BAGHDAD — In the two weeks since President Barack Obama declared the end of the U.S. combat mission in Iraq, a series of bloody skirmishes has sharpened the questions about the Iraqi security forces' ability to protect the country.
In three incidents in different parts of Iraq, American forces stepped in with ground troops and air support when their Iraqi counterparts were threatened by suicide attackers or well-armed gunmen, according to U.S. and Iraqi military accounts.
The incidents suggest that the 50,000 U.S. soldiers who remain in Iraq, far from merely "advising and assisting" Iraqi forces, as the Obama administration has described their new role, are still needed on the battlefields as insurgents try to exploit the diminished American military presence and the six-month political stalemate that has failed to produce a new Iraqi government since the country's March 7 elections. In one example of the challenges facing the Iraqi forces, an operation against at most 25 fighters dug into a palm orchard in Diyala province, northeast of Baghdad, escalated into an intense, three-day battle that left 11 Iraqi soldiers dead and 22 wounded. On the third day, Iraqi forces called for help from an American Army brigade, which sent Special Forces troops, Apache attack helicopters and Air Force F-16 fighters that dropped two 500-pound bombs, the U.S. military said.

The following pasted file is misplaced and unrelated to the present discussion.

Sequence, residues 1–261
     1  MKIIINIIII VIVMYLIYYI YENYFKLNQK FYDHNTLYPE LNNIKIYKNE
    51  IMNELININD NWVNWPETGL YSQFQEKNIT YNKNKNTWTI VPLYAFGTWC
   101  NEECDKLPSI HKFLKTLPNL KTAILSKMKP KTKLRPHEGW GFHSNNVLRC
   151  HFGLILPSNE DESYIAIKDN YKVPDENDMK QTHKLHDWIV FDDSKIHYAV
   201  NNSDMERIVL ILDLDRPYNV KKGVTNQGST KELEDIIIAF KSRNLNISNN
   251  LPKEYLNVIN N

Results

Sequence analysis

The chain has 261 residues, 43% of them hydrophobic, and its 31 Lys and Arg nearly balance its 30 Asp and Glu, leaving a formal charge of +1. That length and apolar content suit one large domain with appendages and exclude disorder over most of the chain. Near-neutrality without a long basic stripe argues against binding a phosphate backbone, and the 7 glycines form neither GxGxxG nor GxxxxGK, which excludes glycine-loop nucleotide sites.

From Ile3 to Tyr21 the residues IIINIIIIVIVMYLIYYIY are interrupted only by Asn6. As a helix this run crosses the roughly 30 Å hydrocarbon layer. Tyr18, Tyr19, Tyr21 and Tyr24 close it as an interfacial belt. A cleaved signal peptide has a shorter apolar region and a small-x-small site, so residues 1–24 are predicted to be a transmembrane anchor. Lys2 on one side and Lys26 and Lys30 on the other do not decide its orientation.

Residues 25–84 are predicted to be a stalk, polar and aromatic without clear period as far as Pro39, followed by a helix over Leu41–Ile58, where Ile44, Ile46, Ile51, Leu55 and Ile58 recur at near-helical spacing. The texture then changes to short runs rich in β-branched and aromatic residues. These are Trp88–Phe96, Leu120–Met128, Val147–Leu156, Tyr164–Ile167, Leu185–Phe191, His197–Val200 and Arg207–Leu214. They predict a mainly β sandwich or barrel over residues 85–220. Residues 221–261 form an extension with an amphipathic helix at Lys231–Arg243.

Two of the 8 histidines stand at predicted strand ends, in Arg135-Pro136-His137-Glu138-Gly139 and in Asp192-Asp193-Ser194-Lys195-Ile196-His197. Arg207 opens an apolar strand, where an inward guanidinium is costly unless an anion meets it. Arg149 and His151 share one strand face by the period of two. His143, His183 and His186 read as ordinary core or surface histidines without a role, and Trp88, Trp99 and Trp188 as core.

Despite years of training by the U.S. military at a cost of $24 billion, according to the Government Accountability Office, the investigative arm of Congress, the Iraqi forces have failed to win the public's confidence. On Friday in Fallujah, 40 miles west of Baghdad, protesters condemned Iraqi security forces for a raid Wednesday that killed seven people and badly injured a woman in her 90s. U.S. ground troops and helicopters accompanied the Iraqis on the raid, which targeted a suspected Sunni insurgent, the U.S. military said.
Although six U.S. brigades remain in Iraq and rules of engagement allow them to defend themselves if they're attacked, military officials now describe U.S. troops as "advisers." In joint operations, officials emphasize that Iraqi units are in the lead.